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FIRST-PERSON: Wanted: Good Samaritans

McMINNVILLE, Ore. (BP)–On Tuesday evening, July 31, a van lurched out of control and jumped a curb in Chicago’s Oakland neighborhood. The vehicle plowed into a crowd assembled on the front steps of a building near the intersection of East 40th Street and South Lake Park Avenue, injuring three women. Angry bystanders dragged the two occupants from the vehicle. The men were then kicked and pummeled with bricks until dead. Three days later and there are still no arrests and few witnesses are forthcoming.

Where is a Good Samaritan when you really need one?

It was none other than Jesus Christ who introduced the concept of the “Good Samaritan.” The Reader’s Digest version is as follows: In response to the biblical teaching to “love your neighbor as yourself,” Jesus was asked, “Who is my neighbor?” Jesus answered by telling the story of a man who, while traveling, was attacked by thieves and left for dead beside a road. Two religious leaders, pillars of the community, came upon the man and ignored his plight. Both crossed to the other side of the road in order to avoid any contact with the beaten body. A third man, a resident of Samaria, came upon the injured man and responded out of compassion. He not only bound up his wounds and transported him to a safe place, but he also took responsibility for the man’s medical expenses.

Jesus then asked the one who had posed the initial question, “Which of the three in the story responded like a neighbor?” “The one who showed mercy,” came the response.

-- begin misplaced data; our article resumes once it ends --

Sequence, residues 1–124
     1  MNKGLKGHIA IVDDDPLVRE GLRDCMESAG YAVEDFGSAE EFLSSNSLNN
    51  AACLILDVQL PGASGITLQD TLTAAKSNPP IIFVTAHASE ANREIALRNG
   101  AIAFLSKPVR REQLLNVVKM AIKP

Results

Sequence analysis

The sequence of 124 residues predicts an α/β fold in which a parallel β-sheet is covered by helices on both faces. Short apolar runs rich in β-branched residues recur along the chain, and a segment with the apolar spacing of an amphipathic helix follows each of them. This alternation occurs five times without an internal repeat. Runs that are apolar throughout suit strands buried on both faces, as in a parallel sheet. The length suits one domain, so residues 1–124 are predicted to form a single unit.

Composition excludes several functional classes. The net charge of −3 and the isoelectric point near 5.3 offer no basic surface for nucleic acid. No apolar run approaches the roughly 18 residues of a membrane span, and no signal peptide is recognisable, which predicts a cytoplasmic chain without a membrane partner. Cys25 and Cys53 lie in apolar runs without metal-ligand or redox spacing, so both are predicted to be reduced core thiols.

On the evening the two men were savagely murdered in Chicago, no one — and I mean no one — proved to be a neighbor.

Police and community leaders speculate that as many as 80 people may have witnessed the brutal beating. However, no one — not a single person — attempted to intervene and stop the beating.

Thankfully there were at least calls to 911 to report the initial collision and the subsequent violence. But no one rushed to the scene to try to stop the violence. It seems as if a whole neighborhood crossed to the other side of the road to avoid any involvement with the savage situation. No Good Samaritan was found for the two men who are now dead.

Some residents of the Oakland neighborhood describe the community as close-knit. A few even describe relationships in the apartment buildings as being like family. However, no “family member” bothered to try to stop his or her own from committing a senseless homicide. No one screamed for John, or Jim, or Henry to put down a brick or to stop kicking. No Good Samaritan stepped in to prevent a friend or family member from committing murder. Now that friend or family member — at the very least — faces a prison sentence.

While few residents of Oakland are willing to talk to police about the incident, eventually someone will talk substantively. A person would have to be totally void of conscience to witness a double homicide and then remain silent about it. Someone will come forward with information that will lead to the arrest of the murderers. However, this person cannot, and should not, be classified as a Good Samaritan. A helpful citizen, perhaps, but not a Good Samaritan.

Good Samaritans get involved. They do not sit passively by and watch injustice unfold before their very eyes. A Good Samaritan would have tried to stop the brutal beating in Chicago. For the sake of the men being savaged, for the sake of the perpetrators, for the sake of the community, a Good Samaritan would have intervened.

Good Samaritans were seemingly everywhere during and after the attacks of Sept. 11. However, Good Samaritans are needed, not just during an epic tragedy, but also during everyday situations. They help keep society from dysfunction and they can also prevent a traffic accident from becoming an orgy of violence.
Boggs, whose column appears in Baptist Press each week, is pastor of Valley Baptist Church, McMinnville, Ore.

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  • Kelly Boggs